Bottega Veneta 101:
By Taylor M. Sep 1, 2020
Bottega Veneta is a name often uttered by individuals who
stay consistently up-to-date on the very latest in high fashion and luxury, due to the label’s esteemed reputation for artful design and fine craftsmanship. Since Bottega’s amelioration – sparked by creative director Tomas Maier in 2001 – the brand continues to reflect on its initial, refined essence rather than playing into the widespread hype surrounding logomania and other trends.
The Italian leather goods company is a pinnacle of quality, and each piece is intended to meld into the buyer’s lifestyle seamlessly. From the iconic Intrecciato woven leather accessories, to the sleekness of each ready-to-wear collection, Bottega guards the threshold of opulence and taste. The core ideals of Bottega still stand in 2020, which hold that its items should not only be durable in the face of wear for years to come, but must also remain relevant in style throughout the life of its loyal clientele.
History of Bottega Veneta
Bottega Veneta originated in 1966 in Vicenza, Italy. The brand was founded by Michele Taddei and Renzo Zengiaro and its primary product was leather goods. Bottega’s roots tie it to a non-branded philosophy that gave its items a rarefied pith. Advertising with the slogan, “When your own initials are enough,” the brand established itself as an understated treasure from an early start. In the late seventies Taddei and Zengiaro left control of the brand up to Taddei’s former wife, Laura Moltedo.
Vintage Bottega Veneta Ad – “When your own initials are enough”
The eighties were when Bottega first gained a great deal of recognition by famous artists and celebrities alike. A regular patron, for example, was Andy Warhol. He often stopped into the New York boutique – and even went on to produce a short film for the brand.
Andy Warhol kissing a Bottega Veneta loafer
In the nineties, during the logo craze, Bottega adopted more trend-driven design elements and saw a decrease in popularity during the highly competitive decade. There was an attempt to reinvigorate the label with the appointment of head designer Giles Deacon, but it wasn’t until the company was acquired by the Gucci Group in 2001 that Bottega regained some traction. At the time of the transition, new creative director Tomas Maier took over design and set out to implement the brand’s early ideologies. Stepping away from logos, Maier highlighted the brand’s famous Intrecciato weave and focused on more clarified design. Maier once said, “The Italian artisan was the starting point. Today, the collaboration between designer and artisan is at the heart of everything we do.” In 2006, the company implemented a school to train leather artisans, Scuola della Pelletteria.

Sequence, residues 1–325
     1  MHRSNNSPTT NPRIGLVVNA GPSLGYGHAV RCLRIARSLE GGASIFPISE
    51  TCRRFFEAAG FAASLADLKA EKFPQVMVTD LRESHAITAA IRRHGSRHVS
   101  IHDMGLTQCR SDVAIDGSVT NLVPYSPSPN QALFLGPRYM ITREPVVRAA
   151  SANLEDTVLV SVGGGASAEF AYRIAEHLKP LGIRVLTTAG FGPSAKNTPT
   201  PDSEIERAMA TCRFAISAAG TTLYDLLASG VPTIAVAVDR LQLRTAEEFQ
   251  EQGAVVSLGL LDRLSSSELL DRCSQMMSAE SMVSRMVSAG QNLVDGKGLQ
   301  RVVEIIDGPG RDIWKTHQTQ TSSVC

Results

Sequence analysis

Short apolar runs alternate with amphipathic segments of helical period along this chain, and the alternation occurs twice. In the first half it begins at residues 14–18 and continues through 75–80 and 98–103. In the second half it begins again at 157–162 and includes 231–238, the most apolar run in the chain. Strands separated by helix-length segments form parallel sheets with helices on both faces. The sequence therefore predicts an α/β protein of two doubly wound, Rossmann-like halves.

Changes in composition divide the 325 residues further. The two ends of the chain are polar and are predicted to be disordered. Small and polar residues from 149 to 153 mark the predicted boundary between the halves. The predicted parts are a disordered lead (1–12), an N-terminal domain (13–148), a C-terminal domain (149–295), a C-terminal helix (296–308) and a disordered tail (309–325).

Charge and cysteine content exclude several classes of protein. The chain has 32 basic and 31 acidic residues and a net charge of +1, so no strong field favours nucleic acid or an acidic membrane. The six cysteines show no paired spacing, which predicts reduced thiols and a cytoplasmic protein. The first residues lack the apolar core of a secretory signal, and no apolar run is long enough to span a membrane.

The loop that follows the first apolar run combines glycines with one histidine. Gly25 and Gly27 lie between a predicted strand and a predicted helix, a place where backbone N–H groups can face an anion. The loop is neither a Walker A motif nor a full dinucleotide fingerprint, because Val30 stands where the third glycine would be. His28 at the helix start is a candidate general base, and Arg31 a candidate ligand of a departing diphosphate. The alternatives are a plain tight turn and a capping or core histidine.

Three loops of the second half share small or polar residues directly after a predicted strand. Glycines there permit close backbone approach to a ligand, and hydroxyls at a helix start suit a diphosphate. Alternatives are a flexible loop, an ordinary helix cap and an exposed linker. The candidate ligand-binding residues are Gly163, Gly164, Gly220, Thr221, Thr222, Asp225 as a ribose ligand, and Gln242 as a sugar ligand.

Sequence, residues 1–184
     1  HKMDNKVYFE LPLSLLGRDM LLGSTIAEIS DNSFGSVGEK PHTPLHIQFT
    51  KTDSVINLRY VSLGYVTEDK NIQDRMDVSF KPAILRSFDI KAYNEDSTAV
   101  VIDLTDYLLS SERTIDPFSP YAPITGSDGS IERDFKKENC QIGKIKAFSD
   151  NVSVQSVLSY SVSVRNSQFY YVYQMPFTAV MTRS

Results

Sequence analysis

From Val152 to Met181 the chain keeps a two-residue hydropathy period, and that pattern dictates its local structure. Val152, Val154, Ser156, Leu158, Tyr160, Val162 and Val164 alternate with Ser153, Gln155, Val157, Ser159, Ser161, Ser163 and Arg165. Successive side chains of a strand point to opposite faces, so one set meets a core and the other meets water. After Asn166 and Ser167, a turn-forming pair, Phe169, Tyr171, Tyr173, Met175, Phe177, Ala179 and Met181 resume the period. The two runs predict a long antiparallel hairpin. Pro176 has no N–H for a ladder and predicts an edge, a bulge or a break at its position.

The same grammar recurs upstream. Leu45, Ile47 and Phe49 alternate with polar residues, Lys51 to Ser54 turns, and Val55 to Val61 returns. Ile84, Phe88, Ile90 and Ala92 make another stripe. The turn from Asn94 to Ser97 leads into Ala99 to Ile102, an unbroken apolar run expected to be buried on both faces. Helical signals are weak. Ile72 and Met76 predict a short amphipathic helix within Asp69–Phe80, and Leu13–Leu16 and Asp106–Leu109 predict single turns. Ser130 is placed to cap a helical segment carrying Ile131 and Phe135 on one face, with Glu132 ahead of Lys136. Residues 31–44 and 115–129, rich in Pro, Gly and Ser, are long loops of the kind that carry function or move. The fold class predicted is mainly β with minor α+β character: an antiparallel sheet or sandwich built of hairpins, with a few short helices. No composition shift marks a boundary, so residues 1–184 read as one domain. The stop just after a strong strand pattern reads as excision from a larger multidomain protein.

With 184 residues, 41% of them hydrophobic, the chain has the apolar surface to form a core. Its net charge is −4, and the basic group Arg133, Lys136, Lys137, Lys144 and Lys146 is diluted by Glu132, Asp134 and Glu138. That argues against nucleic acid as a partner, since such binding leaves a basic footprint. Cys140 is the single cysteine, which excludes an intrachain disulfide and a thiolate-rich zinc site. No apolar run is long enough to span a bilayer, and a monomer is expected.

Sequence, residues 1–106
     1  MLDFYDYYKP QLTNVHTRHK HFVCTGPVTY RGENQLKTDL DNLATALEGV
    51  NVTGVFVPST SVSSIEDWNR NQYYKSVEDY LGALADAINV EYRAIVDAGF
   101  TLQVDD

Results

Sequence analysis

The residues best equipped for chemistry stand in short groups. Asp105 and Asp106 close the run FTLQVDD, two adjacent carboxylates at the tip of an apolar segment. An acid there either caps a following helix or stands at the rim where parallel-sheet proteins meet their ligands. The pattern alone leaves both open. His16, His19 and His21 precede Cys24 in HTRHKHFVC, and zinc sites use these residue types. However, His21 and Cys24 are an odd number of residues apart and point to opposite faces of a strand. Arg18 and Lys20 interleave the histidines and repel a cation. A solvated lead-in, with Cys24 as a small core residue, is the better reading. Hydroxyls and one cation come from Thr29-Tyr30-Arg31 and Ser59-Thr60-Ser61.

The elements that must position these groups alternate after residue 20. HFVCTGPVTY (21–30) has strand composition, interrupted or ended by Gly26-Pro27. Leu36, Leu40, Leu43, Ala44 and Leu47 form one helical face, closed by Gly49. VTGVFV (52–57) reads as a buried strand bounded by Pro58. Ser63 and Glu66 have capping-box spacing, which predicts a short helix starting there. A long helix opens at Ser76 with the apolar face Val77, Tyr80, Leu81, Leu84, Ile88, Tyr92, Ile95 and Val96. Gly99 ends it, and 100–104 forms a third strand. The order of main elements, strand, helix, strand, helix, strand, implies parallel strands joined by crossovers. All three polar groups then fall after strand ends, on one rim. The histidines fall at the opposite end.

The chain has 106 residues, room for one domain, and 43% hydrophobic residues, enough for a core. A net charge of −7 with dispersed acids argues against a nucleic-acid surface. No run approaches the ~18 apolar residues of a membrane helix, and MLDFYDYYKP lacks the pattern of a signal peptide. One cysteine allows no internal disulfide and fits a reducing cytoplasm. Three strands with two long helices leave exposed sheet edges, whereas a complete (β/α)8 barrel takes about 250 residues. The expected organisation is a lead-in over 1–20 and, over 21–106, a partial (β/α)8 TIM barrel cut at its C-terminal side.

Tomas Maier (Left) and Daniel Lee (Right)
Courtesy of L’Officiel
Modern-Day Bottega with Daniel Lee
Presently, Daniel Lee holds the position of creative director. He took the role halfway through June 2018, and at the time had little recognition as a young, British designer, though his track record was more than impressive. Previously, he had worked at Celine under Phoebe Philo as director of ready-to-wear, and before that held positions at Maison Margiela and Balenciaga. Since his joining Bottega Veneta, the company has been catapulted into the spotlight of must-have fashion. Just eighteen months into his new role, Daniel Lee received a number of Fashion Awards including Brand and Designer of the year. This was no surprise to the industry, as it had just seen his work develop a new fanbase for Bottega in the blink of an eye. This “New” Bottega, characterized by Lee as clean and back to the essential, came just in time for “Old” Celine fans to pick up, as Harper’s Bazaar sharply pointed out in December 2019.
History of the Intrecciato Weave
Josefine H J wears the Intrecciato Weave Hobo
Shortly after its birth, Bottega’s machinery for production seemingly put it at a disadvantage from other manufacturers of leather goods. The sewing machines the young house was equipped with lacked the strength that those of other purveyors possessed, making it impossible to fuse more robust leathers. The solution to this problem was the primary innovation that set the label up for success in the early seventies: the Intrecciato Weave. In order to utilize delicate, supple leathers effectively, the brand opted for a woven pattern to supply its handbags with durability. Intrecciato was chosen because it is the Italian word for “braided.” Past creative directors have adapted this technique, showcasing its versatility through different textures and colorways. To this day under Daniel Lee, the intrecciato weave is vastly recognizable and cherished in the fashion industry, and it appears across all categories of Bottega’s accessory offerings.
Maria Von Behrens wears the Maxi Weave Padded Cassette Bag
The Intrecciato Weave at Rebag
Veneta Hobo Stitched Intrecciato Nappa Large
Shopper Tote Intrecciato Nappa Small
The Pouch Intrecciato Nappa 20
Box Knot Clutch Fringe Intrecciato Nappa Small
Perhaps the current success of Bottega Veneta is owed to the minimal, but precise approach that Lee brings to the table. In an interview with Vogue in 2018 he described the brand as “a heightened aspirational reality,” stressing also the importance of teamwork within the company and a minimal approach to celebrities and branding. He displays a keen understanding of the label’s core and the brand now has an air about it that feels both genuine and exalted, which is no doubt working for luxury consumers. One thing is for sure: we expect only great things at Bottega in the near future. In the meantime, we will continue to fawn after the iconic handbags made with the utmost detail and intention.